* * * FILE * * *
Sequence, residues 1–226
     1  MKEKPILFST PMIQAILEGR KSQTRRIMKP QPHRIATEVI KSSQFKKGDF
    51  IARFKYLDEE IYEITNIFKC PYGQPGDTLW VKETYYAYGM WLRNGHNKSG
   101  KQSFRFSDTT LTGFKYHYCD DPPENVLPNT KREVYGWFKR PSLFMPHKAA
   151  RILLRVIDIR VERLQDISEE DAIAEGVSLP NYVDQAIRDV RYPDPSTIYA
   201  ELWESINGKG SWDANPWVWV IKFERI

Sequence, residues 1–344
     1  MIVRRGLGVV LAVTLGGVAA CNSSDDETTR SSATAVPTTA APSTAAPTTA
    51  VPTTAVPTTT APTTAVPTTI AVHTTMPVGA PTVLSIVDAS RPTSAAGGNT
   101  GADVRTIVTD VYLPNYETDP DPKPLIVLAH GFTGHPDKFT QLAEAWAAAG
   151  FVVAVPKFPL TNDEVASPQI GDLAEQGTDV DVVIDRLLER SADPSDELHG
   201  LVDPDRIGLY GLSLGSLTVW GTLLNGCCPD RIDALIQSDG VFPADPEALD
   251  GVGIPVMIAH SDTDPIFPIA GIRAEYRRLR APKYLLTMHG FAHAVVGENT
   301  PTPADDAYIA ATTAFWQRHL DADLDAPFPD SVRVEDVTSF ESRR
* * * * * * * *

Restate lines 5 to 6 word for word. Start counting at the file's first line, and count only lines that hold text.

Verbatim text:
   151  RILLRVIDIR VERLQDISEE DAIAEGVSLP NYVDQAIRDV RYPDPSTIYA
   201  ELWESINGKG SWDANPWVWV IKFERI